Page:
If it was Lendl Simmons in the last game, this time it was Roston Chase. The perfect contradiction of two stereotypical West Indian innings created a caricature from a distance that you would be compelled to think that if this team is the defending champions at all.
Well, this West Indian team is perhaps one of the best ever in terms of pure talent. Chris Gayle, Evin Lewis, Shimron Hetmyer, Kieron Pollard, Nicholas Pooran, Andre Russell, and DJ Bravo. Imagine the depth. One is better than the other. If you would leave the side to win a championship in any T20 competition, chances are they would take down the whole thing without even breaking a sweat.
However, with success comes imperfection and despite 'nerding' every single chapter of this format, Windies are prone to commit their share of errors. Remember the 2014 World T20 game against India? The game where they traded their six-hitting ability for singles and doubles, only to be thrashed by the Indians in an epic fashion. Sixes are the ultimate currency for them and thus it is not a surprise that they started the 2021 T20 World Cup campaign with two embarrassing losses and could have been the first team to be eliminated from their group. That they managed to hold on was as much down to their late comeback as it is about Bangladesh’s failure to understand the basic intricacies of the format.
“I think it is the downfall of West Indies’ T20 era. Age and experience are one thing but they can get highlighted if you are not winning. I’m not saying that this West Indies team is past it and they are like Pakistan, they could bounce back anytime,” former England spinner Graeme Swann told Cricket.com in a pre-match conversation.
“But they have had two really really weak performances. If you look at their team, the team is wriggled with top-class batsmen from the IPL but they are just not performing. Maybe it is the end of their era. Not sure if it is their T20 World Cup, to be honest,” he added.
And Swann was bang on with his viewpoint and Windies’ third encounter in the World Cup pretty much confirmed the assertion. Barring them hitting more sixes than fours (seven sixes to five fours) in their total of 142, not a lot of things had gone their way as far as batting was concerned. Chase, who had scored 446 runs at an average of 49.6 and strike rate of 144.3 to emerge as the highest run-scorer in the CPL 2021, scrapped his way to score 39 off 46 balls while Gayle and Lewis struck at 40.00 and 66.67 respectively. Only three batters scored more than run a ball, on a track, despite being tricky, was surely not unplayable.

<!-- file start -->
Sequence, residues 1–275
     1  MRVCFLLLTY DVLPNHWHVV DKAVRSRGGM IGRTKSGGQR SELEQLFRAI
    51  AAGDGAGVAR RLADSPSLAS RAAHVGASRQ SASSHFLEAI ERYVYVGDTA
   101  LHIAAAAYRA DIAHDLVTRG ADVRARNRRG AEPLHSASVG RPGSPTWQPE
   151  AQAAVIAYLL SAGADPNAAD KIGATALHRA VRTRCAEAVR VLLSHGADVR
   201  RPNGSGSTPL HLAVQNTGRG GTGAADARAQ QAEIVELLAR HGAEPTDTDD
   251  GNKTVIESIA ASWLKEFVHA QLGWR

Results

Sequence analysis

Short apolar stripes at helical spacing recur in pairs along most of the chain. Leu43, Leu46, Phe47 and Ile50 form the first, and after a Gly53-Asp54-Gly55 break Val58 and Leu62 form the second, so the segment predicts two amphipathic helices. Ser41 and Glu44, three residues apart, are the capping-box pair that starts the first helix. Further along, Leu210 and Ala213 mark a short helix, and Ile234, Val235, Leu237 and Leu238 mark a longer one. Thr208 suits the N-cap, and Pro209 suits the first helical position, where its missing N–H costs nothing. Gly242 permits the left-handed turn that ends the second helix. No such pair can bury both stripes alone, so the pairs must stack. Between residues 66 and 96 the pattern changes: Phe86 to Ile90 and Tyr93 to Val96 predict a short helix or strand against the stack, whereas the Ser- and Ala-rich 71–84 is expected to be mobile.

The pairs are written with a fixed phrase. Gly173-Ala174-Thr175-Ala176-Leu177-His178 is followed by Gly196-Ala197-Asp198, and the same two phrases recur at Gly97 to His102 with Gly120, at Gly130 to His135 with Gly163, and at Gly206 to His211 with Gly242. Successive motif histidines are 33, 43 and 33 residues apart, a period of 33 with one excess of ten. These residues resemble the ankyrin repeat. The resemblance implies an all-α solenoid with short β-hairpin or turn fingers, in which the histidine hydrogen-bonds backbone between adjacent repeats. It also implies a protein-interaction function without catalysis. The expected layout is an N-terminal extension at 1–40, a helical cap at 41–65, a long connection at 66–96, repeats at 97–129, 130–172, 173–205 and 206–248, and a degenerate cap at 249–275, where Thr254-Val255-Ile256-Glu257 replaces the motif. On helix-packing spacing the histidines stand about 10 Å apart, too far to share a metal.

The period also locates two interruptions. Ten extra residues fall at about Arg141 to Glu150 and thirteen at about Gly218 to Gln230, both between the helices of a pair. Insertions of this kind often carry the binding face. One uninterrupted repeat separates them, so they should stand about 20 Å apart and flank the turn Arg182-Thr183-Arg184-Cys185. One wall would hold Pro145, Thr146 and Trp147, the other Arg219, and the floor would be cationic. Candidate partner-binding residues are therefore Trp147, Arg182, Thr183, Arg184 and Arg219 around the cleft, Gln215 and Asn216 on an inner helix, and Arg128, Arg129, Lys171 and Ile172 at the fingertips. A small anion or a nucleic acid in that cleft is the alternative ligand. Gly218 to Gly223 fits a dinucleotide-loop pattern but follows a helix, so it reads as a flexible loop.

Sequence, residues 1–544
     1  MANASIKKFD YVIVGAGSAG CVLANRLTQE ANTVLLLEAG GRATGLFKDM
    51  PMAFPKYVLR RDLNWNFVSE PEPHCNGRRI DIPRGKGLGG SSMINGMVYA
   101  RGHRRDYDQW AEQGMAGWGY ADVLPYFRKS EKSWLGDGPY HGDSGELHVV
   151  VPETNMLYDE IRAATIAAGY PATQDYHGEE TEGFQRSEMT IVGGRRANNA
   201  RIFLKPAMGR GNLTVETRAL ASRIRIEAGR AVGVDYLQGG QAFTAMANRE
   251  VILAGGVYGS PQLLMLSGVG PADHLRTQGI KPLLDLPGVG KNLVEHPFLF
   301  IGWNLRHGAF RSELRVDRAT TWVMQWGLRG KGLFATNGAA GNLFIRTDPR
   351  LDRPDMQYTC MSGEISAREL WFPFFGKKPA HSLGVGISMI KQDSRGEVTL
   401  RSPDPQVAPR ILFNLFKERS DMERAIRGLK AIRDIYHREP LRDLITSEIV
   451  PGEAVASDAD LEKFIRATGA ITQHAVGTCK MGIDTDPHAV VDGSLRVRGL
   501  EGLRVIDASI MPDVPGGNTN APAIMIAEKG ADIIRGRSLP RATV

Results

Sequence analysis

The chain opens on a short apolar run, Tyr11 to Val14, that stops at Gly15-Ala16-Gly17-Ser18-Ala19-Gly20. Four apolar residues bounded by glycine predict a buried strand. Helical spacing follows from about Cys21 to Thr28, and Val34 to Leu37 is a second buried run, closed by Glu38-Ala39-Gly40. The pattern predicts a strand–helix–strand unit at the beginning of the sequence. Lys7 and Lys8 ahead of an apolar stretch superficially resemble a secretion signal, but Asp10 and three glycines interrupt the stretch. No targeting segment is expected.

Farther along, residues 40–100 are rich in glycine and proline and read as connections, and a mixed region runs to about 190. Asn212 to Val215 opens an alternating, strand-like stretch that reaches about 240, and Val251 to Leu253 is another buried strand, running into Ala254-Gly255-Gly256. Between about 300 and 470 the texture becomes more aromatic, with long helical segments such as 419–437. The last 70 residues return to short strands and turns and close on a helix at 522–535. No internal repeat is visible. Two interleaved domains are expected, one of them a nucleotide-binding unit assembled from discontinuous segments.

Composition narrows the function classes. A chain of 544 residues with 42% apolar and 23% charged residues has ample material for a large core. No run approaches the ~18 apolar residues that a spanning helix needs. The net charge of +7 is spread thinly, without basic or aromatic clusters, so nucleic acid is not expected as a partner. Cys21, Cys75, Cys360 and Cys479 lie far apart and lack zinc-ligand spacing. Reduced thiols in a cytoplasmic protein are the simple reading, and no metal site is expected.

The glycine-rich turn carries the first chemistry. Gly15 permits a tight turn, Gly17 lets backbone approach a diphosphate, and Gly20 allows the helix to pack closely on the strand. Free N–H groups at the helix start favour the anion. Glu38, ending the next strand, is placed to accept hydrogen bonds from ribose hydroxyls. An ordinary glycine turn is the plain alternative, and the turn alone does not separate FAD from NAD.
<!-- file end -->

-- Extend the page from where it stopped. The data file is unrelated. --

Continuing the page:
"Definitely a tactical move batting down. Our batting hasn't clicked so far and we have been chopping and changing. I felt like I had to raise my hand up and perform for the team after Polly left," Pooran said in the presentation ceremony after the match.
As much as chasing has become a predictable way of approaching things in the shortest format of the game, it was games like these that determines the success story. And while the coaching staff would be mad at how Windies batters, it was their bowlers who scripted a path to success in the remainder of the competition.
It was also ironic that Windies had left Jason Holder out of the squad despite the former skipper proving time and again that he could be the game-changer for them on slow and low decks. While his five-ball 15 helped the Windies crack to a decent total at the end, he dismissed Mohammad Naim inside in the powerplay and eventually took a composed catch at long-on to technically bury Bangladesh’s campaign. On days like this, it seems really weird he was an injury replacement and not a first-squad member.
"Yeah, you could sit back in hindsight and say a few things. The last over was obviously very important for our momentum. We were able to get three 6s, as I said, which helped us get up to a respectable total. I think with our bowling attack we could defend that, and it proved to be enough. So credit to our batters for getting us up to 140, and then also credit to the way we stuck at it and held our nerve,” Holder later said in the post-match press conference.
Bangladesh would be crushing themselves for the way they have gone about their things. The inherent denial to produce quality pitches in the home matches and not adopting modern power-hitting might have yielded them some short-term benefits like winning home series, but hasn’t helped their cause in the overseas conditions. This T20 World Cup will perhaps drive home the very basic need to internalize and process what it takes to be a good T20 side.
Windies, meanwhile, will be eager to use this encounter as a proper prelude to stage a comeback that seemed way off a few hours ago. Australia and England have taken a giant stride in order to book their berths in the semi-final and with Sri Lanka playing in Sharjah, you can discount them at your own peril. Then there is South Africa, now bolstered by the return of Quinton de Kock. The group is spicer than ever and the side, who will be less flawed in the next week or so, will have a bigger piece of the pie.